Coagulation is the biological process by which blood hardens into solid form. There are two related and critical functions of coagulation. First, it seals any breach of a human body’s primary organ of protection against harmful, external agents such as germs — the skin. Second, it maintains the closed circuit integrity necessary for the body to deliver oxygen and nutrients to all of its tissues via the circulatory system. The process is common to many nonhuman animals as well, and can be thought of as nature’s version of a bandage.
Blood is a viscous stew of several different specialized cells and many complex chemicals flowing through tubular blood vessels. If a vessel’s wall is damaged, such as when punctured through the skin or from the blunt force of a swung object, blood flow is compromised by hemorrhaging, more commonly called bleeding. The damaged site needs to be immediately plugged somehow to give the blood vessel a chance to initiate hemostasis, the return to a state of normal flow without blood loss.
From start to finish, this is a complex process involving both unique blood cells and chemical proteins, but it is fundamentally a linear cascade of triggering events. When the endothelial tissue, or inner wall of a blood vessel, senses trauma, it contracts to both restrict blood flow and minimize the damaged site. The tissue also releases a protein called thrombokinase to signal its distress. This triggers a reaction in two blood components: cell fragments called platelets and a protein called fibrinogen.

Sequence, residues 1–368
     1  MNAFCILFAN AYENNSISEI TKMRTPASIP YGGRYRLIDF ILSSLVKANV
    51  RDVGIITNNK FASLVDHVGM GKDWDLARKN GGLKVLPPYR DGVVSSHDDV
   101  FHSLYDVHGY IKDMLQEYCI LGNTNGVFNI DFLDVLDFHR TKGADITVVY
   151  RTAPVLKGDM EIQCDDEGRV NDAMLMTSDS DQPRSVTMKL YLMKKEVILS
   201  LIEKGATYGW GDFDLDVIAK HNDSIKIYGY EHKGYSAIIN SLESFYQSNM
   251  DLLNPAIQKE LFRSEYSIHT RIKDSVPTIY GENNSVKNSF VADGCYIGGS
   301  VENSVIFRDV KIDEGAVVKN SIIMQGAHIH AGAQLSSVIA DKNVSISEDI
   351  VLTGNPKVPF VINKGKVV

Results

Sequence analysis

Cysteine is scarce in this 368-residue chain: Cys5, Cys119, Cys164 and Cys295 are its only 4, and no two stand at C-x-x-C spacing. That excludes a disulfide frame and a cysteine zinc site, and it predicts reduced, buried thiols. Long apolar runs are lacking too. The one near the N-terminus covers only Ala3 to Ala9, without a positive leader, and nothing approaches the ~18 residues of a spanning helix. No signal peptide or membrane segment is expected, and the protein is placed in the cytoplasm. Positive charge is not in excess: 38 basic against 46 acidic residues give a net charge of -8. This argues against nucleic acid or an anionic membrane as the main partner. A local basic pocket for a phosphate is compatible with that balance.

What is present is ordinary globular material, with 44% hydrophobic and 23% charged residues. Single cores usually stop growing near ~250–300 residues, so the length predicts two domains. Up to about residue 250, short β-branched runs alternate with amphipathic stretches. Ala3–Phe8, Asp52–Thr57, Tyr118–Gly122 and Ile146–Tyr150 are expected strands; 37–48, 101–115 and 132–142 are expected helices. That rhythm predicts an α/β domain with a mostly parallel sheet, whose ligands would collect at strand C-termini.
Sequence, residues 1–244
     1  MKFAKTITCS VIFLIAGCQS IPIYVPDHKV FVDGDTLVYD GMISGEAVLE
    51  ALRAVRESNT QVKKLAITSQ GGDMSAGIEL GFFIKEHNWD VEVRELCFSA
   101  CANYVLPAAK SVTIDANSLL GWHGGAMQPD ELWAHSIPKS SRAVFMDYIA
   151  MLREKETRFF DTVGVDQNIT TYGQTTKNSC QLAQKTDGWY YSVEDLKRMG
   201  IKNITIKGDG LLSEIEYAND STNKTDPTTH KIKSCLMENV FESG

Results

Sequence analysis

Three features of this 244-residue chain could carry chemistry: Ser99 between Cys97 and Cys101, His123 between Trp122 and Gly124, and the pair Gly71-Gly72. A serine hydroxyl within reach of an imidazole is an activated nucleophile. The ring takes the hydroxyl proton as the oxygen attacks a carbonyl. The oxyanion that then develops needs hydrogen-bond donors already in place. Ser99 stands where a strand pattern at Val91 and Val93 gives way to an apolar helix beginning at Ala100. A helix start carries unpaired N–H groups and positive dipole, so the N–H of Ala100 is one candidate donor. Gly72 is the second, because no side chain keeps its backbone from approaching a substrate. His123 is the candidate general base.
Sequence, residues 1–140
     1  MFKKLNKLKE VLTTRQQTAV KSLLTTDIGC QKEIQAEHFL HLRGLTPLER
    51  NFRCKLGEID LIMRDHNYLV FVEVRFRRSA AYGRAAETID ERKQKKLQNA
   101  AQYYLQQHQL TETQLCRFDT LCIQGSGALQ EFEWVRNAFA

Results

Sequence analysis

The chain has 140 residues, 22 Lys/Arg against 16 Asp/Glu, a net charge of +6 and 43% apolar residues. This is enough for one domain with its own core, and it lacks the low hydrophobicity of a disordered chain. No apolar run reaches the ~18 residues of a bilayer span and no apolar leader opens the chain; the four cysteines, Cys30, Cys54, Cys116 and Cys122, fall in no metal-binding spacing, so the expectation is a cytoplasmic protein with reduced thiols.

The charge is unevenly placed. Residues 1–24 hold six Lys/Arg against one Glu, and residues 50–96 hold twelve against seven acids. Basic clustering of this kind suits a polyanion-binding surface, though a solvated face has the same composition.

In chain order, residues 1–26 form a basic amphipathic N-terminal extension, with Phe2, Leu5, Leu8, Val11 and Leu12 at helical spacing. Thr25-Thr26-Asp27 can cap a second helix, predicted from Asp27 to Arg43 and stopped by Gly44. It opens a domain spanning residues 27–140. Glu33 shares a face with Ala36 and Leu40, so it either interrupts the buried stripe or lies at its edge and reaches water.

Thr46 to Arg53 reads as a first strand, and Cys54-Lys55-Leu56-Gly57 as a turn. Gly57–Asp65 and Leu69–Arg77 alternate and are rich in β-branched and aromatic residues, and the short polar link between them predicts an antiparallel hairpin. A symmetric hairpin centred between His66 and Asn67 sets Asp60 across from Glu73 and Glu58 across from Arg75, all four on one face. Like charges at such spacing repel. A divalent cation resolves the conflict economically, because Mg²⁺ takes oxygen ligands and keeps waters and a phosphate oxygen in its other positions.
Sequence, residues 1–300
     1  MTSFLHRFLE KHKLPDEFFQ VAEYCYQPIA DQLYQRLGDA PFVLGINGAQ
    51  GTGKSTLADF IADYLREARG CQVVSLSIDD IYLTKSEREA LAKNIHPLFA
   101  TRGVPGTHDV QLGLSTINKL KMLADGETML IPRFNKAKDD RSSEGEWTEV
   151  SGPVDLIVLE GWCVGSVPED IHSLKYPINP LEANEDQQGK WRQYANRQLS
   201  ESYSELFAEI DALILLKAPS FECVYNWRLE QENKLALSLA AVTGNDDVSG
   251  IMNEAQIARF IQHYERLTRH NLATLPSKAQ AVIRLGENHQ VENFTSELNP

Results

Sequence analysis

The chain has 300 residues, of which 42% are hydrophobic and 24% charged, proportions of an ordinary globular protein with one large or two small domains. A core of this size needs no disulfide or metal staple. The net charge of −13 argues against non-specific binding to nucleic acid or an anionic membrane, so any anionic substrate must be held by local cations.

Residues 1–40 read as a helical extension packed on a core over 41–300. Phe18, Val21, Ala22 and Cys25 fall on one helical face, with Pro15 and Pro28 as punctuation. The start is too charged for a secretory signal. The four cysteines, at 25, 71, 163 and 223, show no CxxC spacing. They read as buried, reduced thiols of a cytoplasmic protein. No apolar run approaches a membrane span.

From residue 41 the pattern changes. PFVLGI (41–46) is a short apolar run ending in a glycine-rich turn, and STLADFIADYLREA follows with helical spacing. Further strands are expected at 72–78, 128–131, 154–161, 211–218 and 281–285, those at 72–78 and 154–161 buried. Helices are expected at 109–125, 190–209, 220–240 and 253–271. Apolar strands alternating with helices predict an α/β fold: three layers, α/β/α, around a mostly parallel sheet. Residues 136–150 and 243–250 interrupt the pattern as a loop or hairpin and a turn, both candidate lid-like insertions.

A multitude of platelets are attracted to, and aggregate at, the source site of thrombokinase. Fibrinogen’s response to thrombokinase is to restructure itself into a different protein called fibrin, which adheres to platelets. In a very short time, enough fibrin will enmesh the clump of platelets to create a solid barrier called a clot. While there are many other known intermediate chemicals and steps in the process, this is summarily the main function of coagulation — to form a clot, to plug a damaged blood vessel.
If coagulation is successful, the blood vessel relaxes and its endothelial tissue begins regenerative repair. When completely healed, a chemical enzyme called plasmin in the blood breaks the clot apart by dissolving the fibrin that held it together. If the damage was caused by a skin wound, the skin also heals and the extruded portion of the blood clot sloughs off. Disorders of coagulation include an inability to clot, such as the rare bleeding disorder hemophilia, which leaves victims at high risk for contracting potentially fatal infections. The more common disorder is thrombosis, when a blood clot dislodges and moves through the circulatory system, potentially to plug and disrupt blood flow to critical organs such as the heart or brain.